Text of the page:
Stephen Hawking was RIGHT!
In 1974, Stephen Hawking and his doctoral student Bernard Carr proposed that primordial black holes, hypothetical black holes that existed just after the Big Bang, could be the elusive dark matter first theorised in 1933 – and 47 years later, that theory could be proven.
- Stephen Hawking proposed primordial black holes existed soon after the Big Bang and could be the elusive dark matter first theorized in 1933
- A new study shows this theory could be true, with a few modifications to Hawking’s proposal
- The study suggests the first stars and galaxies of the universe would have formed around black holes
- This allowed black holes to grow into supermassive black holes by feasting on gas and stars in their vicinity
- Scientist also say that black holes have been prove, which could account for all the dark matter that has yet to be found
Astrophysics at Yale, the University of Miami and the European Space Agency (ESA) have adjusted the famous psychist’s proposal and created a new model of how the early universe might have formed.
The new model shows that the first stars and galaxies may have formed around black holes, which had the ability to transform into supermassive black holes, feeding on gas and stars in their vicinity or merging with other black holes.
“If most primordial black holes were ‘born’ about 1.4 times the mass of the Sun, they could potentially make up all dark matter,” said Yale theorist, professor of astronomy and physics Priyamvada Natarajan.
“The primordial black holes, if they really exist, could very well be the seeds from which all supermassive black holes are formed, including the hole in the center of the Milky Way,” she continued.
In 1974, Stephen Hawking and his doctoral student Bernard Carr proposed primordial black holes, which are hypothetical black holes, which existed just after the Big Bang and could be the elusive dark matter first theorized in 1933 – and 47 years later. their theory could be proven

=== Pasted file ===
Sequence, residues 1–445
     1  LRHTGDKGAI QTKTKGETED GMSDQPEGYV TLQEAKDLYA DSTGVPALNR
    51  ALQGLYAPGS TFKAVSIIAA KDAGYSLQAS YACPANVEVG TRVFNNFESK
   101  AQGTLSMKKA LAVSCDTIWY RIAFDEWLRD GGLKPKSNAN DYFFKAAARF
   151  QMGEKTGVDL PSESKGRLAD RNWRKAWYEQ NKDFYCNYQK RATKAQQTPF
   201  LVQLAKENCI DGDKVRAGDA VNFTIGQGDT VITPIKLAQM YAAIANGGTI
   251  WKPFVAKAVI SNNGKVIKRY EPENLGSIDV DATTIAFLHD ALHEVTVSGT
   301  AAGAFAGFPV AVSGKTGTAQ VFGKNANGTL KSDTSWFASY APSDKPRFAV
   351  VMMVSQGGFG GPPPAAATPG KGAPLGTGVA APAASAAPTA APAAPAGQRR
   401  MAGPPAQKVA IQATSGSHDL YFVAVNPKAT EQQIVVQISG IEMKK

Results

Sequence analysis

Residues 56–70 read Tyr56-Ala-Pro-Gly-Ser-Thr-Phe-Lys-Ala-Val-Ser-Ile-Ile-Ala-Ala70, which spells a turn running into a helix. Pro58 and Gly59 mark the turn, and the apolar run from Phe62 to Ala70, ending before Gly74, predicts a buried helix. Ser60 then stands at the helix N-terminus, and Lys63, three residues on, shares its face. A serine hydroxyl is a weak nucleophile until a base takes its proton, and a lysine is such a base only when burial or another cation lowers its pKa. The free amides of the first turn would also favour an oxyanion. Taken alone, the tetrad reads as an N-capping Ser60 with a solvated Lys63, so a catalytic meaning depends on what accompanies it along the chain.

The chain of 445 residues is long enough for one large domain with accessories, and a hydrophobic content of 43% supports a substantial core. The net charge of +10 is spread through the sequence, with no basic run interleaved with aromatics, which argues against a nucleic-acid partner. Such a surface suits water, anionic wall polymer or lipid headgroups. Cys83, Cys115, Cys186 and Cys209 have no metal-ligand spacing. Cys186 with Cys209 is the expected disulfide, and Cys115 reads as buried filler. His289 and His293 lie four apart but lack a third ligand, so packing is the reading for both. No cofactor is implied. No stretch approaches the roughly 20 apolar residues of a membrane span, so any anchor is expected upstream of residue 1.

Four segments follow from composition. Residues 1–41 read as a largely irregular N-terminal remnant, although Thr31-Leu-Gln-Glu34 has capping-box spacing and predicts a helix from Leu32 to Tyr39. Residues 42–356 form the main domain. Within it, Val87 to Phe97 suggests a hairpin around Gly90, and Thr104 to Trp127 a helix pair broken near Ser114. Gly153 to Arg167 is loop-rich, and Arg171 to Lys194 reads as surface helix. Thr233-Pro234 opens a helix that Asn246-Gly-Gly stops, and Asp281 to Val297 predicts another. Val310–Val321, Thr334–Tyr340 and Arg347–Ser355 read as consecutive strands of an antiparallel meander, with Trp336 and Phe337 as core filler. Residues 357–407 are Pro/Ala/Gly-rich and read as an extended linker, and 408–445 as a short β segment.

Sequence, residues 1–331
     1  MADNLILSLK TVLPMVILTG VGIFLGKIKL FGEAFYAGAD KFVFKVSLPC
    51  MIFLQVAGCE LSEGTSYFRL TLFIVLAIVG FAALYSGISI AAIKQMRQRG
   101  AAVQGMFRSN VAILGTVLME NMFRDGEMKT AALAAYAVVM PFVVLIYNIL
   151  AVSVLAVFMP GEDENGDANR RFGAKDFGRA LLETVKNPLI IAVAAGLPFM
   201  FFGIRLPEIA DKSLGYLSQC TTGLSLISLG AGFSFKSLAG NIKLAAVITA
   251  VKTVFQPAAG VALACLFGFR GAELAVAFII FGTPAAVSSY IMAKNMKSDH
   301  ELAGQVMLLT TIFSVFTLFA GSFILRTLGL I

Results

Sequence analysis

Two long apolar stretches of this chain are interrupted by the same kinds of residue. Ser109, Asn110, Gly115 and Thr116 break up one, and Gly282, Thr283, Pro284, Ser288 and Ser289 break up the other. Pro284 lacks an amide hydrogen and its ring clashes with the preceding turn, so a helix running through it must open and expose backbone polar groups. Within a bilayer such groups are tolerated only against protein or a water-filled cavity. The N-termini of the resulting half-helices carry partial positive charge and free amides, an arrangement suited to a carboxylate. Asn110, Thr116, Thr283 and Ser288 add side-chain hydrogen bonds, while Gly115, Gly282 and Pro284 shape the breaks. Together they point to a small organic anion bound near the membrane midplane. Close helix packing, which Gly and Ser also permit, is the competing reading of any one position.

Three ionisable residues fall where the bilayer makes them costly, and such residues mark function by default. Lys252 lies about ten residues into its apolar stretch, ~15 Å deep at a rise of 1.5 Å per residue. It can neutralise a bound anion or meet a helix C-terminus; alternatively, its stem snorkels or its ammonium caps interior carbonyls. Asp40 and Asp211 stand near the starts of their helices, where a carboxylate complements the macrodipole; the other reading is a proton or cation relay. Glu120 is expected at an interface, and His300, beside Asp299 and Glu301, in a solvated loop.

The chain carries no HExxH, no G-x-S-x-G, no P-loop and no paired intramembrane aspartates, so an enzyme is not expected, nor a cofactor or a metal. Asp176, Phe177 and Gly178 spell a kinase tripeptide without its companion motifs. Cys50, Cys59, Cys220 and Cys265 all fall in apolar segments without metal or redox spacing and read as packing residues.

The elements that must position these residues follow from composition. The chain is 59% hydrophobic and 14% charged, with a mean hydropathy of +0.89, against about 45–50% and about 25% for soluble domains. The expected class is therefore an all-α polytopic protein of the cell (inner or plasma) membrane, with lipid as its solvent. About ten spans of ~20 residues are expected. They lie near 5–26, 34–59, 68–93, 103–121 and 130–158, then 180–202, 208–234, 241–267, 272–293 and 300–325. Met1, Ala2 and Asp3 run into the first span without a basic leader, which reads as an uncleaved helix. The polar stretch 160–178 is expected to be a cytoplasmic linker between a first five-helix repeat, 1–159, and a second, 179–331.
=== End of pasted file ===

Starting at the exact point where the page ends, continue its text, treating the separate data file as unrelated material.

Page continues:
Many experts suggest that about 85 percent of all matter in the universe is dark matter, but for such a large amount it has never been seen or detected. Black holes, on the other hand, have been observed and we even have an image of one to prove their existence.
Hawking and Carr argued that in the first moments of the Big Bang 13.8 billion years ago, “lumpy” regions could have formed in the universe that had extra mass and turned into black holes as they collapsed.
Their theory, however, did not catch on in the scientific community, but a new study shows that with a few modifications, Hawking may have been right.
The new model shows that the first stars and galaxies would form around black holes that would have the ability to turn into supermassive black holes by feasting on gas and stars in their vicinity or merging with other black holes.
“What I personally find very exciting about this idea is how elegantly combines two really difficult problems that I’m working on – studying the nature of dark matter and the formation and growth of black holes – and solves them in one fell swoop. Natarajan said.